To evaluate a redox titration we must know the shape of its titration curve. In an acid–base titration or a complexation titration, a titration curve shows the change in concentration of H3O+ (as pH) or Mn+ (as pM) as a function of the volume of titrant.

**Redox Titration Curves**

To evaluate a redox titration we must know
the shape of its titration curve. In an acid–base titration or a complexation titration, a titration curve
shows the change in concentration of H_{3}O+
(as pH) or M*n*+ (as pM)
as a function of the
volume of titrant. For a redox
titration, it is convenient to monitor electrochemical potential.

You will recall
that the Nernst
equation relates the electro-
chemical potential to the concentrations of reactants and products participating in a redox reaction.
Consider, for example,
a titration in which the analyte in a reduced state, *A*_{red}, is titrated with
a titrant in an oxidized state, *T*_{ox}. The titration reaction is

*A*red + *T*ox < == == > *T*red + *A*ox

The electrochemical potential
for the reaction is the difference between
the reduc- tion potentials for the reduction and oxidation half-reactions; thus,

*E*rxn = *E**T*ox*/T*red – *E**A*ox*/A*red

After each addition of titrant, the
reaction between the
analyte and titrant
reaches a state of equilibrium. The
reaction’s electrochemical potential, *E*_{rxn}, therefore, is zero, and

*E**T*ox*/T*red
= *E**A*ox
*/A*red

Consequently, the potential for either half-reaction may be used to monitor
the titration’s progress.

Before the equivalence point
the titration mixture
consists of appreciable quan- tities of both
the oxidized and
reduced forms of the analyte, but very little
unreacted titrant. The potential, therefore, is best calculated using
the Nernst equation
for the analyte’s half-reaction

Although *E˚ _{A}*ox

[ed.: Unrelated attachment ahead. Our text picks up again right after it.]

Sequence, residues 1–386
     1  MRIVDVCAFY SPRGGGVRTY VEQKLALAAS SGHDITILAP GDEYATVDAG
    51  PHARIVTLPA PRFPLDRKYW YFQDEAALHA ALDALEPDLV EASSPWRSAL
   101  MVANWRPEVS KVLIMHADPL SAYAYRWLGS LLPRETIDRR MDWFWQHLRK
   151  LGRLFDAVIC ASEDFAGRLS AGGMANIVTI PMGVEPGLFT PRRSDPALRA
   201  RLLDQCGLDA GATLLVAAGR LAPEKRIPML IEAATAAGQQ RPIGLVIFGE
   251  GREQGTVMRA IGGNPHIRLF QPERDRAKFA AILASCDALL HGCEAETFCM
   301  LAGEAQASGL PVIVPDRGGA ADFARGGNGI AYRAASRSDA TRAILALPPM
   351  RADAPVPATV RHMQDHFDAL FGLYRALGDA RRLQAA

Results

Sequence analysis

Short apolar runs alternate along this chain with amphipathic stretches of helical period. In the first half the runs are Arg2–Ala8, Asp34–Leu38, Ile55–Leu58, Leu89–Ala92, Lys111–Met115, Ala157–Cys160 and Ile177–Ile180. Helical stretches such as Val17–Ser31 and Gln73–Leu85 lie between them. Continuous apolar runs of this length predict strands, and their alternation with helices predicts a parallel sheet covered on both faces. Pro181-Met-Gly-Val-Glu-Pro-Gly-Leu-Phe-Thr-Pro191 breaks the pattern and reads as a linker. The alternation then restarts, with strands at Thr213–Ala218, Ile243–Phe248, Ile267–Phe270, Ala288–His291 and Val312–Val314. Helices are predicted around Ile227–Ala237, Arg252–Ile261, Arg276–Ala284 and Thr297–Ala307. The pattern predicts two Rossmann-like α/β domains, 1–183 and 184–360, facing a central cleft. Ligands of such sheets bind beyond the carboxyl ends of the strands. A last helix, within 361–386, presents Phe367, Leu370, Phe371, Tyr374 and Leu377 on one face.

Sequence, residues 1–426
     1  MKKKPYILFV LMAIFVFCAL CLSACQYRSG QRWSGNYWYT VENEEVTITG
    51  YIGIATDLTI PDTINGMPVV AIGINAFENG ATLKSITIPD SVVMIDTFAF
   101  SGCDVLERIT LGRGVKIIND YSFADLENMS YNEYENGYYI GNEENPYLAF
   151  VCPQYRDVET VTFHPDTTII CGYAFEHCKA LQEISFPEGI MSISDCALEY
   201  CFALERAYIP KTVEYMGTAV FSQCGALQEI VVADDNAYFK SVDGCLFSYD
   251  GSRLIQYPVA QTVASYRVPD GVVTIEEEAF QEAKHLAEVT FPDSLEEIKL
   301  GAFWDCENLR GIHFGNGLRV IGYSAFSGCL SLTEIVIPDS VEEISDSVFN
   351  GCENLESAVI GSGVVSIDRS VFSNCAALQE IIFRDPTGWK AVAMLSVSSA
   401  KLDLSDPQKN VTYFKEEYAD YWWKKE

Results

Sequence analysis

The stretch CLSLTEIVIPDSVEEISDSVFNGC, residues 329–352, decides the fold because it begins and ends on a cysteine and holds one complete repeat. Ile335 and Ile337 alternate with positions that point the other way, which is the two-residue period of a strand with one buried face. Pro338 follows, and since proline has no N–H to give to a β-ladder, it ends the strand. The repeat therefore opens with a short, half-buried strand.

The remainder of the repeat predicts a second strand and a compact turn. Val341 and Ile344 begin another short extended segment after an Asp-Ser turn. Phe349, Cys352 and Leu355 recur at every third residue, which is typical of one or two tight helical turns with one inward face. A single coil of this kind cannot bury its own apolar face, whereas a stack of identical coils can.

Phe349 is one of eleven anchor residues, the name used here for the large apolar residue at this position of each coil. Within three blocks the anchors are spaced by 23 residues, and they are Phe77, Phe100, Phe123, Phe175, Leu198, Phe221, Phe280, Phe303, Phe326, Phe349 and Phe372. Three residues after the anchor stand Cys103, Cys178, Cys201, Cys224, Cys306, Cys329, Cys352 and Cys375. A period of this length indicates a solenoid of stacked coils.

As an example, let’s calculate the
titration curve for the titration of 50.0 mL of 0.100
M Fe2+
with 0.100 M Ce4+ in a matrix of 1 M HClO_{4}. The reaction in this case is

The
equilibrium constant
for
this
reaction
is
quite
large
(it
is
approximately 6 x 1015),
so we may assume that the analyte
and titrant react
completely.

The first task is to calculate the volume of Ce4+ needed to reach the equivalence
point. From the stoichiometry of the reaction
we know

gives the equivalence point volume as 50.0 mL.

Before the equivalence point
the concentration of unreacted Fe2+ and the con-
centration of Fe3+ produced by reaction 9.16 are easy to calculate. For this reason we
find the potential using the Nernst
equation for the analyte’s half-reaction

At
the equivalence point,
the moles of Fe2+ initially present and the moles of Ce4+ added are equal. Because
the equilibrium constant
for reaction 9.16 is large, the concentrations of Fe2+ and Ce4+ are exceedingly small and difficult
to calculate without resorting to a complex
equilibrium problem. Consequently, we cannot cal- culate the potential at the equivalence point, *E*_{eq}, using just the Nernst equation
for the analyte’s half-reaction or the titrant’s half-reaction. We can, however, calculate *E*_{eq} by combining the two Nernst
equations. To do so we recognize that the poten- tials for the two half-reactions are the same; thus

Adding together these two Nernst
equations leaves us with

At the equivalence point, the
titration reaction’s stoichiometry requires that

The
ratio in the
log term of equation 9.18,
therefore, equals one
and the log
term is zero. Equation
9.18 simplifies to

After the equivalence point,
the concentrations of Ce3+ and excess Ce4+ are easy to calculate. The potential, therefore, is best calculated using the Nernst
equation for the titrant’s half-reaction.

Substituting these concentrations
into equation 9.19 gives the potential as

Additional results for this
titration curve are shown in Table 9.17 and Figure 9.34

As we have
done for acid–base and complexo-
metric titrations, we now show how to quickly sketch
a redox titration curve using a minimum number of calculations.

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